Personal story: a friend and I, two retired guys, just finished and installed a handsome new sign for a local community health clinic. Neither of us charged for our work, and the clinic paid only for materials. The result was a much nicer sign, for a much lower cost, than if the clinic had had to go through a conventional commercial process. That sign will be there for decades, providing a steady trickle of whatever benefits quality, grace, and proportion confer to the social and psychological environment (there must be some, because their price is quite high if you go through the money medium). In this example, money was not the incentive for a good outcome, we were simply fortunate to be able to dodge it as an obstacle.  

    •  Thanks for sharing your example. (2+ / 0-)
      Recommended by:
      DBunn, NCrissieB

      Your anecdote about personal experience is exactly what I'd like people to think about more often.

      Taking money out of the picture — or at least becoming aware of how money can distort the picture — is part of my goal in talking about money in terms of influence. The standard definitions you mention seem descriptive; unfortunately they can become deceptively restrictive when we apply them purely out of habit.

      By the way, I deliberately use the word influence instead of power because the P word seems to carry some connotations that distract people. Exploring the psychological assumptions I see buried in the P-word's baggage might become another essay someday. :)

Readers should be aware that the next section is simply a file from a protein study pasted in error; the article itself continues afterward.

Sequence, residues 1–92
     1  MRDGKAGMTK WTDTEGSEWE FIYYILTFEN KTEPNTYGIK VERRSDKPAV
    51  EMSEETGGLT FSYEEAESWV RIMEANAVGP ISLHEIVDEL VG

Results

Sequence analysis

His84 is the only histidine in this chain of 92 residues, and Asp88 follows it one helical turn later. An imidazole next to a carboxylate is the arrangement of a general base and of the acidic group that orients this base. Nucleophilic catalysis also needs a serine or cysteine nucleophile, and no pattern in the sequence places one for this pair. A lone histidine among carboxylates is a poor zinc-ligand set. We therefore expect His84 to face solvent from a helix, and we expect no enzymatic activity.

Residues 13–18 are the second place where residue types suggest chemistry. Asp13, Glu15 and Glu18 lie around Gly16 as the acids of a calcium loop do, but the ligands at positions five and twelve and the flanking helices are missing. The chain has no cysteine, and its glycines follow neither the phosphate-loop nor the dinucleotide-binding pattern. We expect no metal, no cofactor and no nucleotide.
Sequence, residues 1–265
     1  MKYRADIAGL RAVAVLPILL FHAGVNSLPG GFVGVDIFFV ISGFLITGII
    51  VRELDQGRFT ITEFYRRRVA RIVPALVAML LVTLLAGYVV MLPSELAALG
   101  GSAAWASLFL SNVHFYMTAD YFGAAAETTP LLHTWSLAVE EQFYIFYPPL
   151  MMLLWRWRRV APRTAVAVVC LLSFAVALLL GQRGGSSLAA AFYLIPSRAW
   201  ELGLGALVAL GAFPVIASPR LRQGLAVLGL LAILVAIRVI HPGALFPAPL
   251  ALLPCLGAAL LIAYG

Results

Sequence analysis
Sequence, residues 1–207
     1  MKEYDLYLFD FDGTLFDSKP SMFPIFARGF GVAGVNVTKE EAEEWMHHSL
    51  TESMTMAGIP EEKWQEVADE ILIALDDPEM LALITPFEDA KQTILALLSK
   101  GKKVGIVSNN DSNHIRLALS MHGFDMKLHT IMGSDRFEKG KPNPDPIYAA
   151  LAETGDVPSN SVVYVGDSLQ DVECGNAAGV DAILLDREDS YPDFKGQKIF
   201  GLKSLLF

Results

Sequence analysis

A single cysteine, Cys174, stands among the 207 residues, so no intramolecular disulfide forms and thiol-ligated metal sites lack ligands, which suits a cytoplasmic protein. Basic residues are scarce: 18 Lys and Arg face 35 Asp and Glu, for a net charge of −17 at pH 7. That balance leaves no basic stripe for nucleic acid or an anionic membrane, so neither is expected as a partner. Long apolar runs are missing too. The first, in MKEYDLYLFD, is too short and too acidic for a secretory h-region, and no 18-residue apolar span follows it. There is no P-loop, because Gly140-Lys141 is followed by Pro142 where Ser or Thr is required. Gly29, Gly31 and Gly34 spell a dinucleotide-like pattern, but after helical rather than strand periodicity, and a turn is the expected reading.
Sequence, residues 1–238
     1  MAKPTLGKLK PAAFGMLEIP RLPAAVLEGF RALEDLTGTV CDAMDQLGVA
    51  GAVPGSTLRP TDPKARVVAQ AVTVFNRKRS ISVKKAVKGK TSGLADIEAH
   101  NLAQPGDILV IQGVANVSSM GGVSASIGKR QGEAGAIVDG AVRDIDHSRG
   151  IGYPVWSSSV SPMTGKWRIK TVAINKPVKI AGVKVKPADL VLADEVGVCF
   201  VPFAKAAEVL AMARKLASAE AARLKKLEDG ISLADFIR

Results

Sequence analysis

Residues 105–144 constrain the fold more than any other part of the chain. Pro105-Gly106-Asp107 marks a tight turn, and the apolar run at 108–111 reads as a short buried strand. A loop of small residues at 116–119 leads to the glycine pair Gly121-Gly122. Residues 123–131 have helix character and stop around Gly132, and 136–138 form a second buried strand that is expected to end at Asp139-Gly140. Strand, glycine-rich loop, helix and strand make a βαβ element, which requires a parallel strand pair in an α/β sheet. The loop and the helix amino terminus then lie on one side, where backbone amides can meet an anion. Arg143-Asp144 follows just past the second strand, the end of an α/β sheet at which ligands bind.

I think of influence as a common denominator in human interaction. Not the lowest, but actually the most important. I tend to translate a lot of descriptions and explanations in terms of influence. I find that transformation helps me to turn things sideways, to see some of our hidden assumptions and sometimes, to see some of our hidden solutions.

      Thanks for continuing the conversation.


    •  Money as an index of choice. (3+ / 0-)
      Recommended by:
      DBunn, etbnc, FarWestGirl

      I agree with both "medium of influence" and the other definitions the two of you have offered.  I'll offer another: money is an index of choice.

      To use etbnc's apple example, if you have 24 apples and potentially 30 people who'd like an apple for lunch, how do you choose which of them gets an apple?  There are a lot of ways you might do it: first come first served, which people you like, even who can make you laugh.  More commonly, who offers you something you need or want (a cookie?) in exchange for one of the apples you've brought.  Or you could put a money price on each apple and use who can afford and is willing to pay that money price as your index of choice.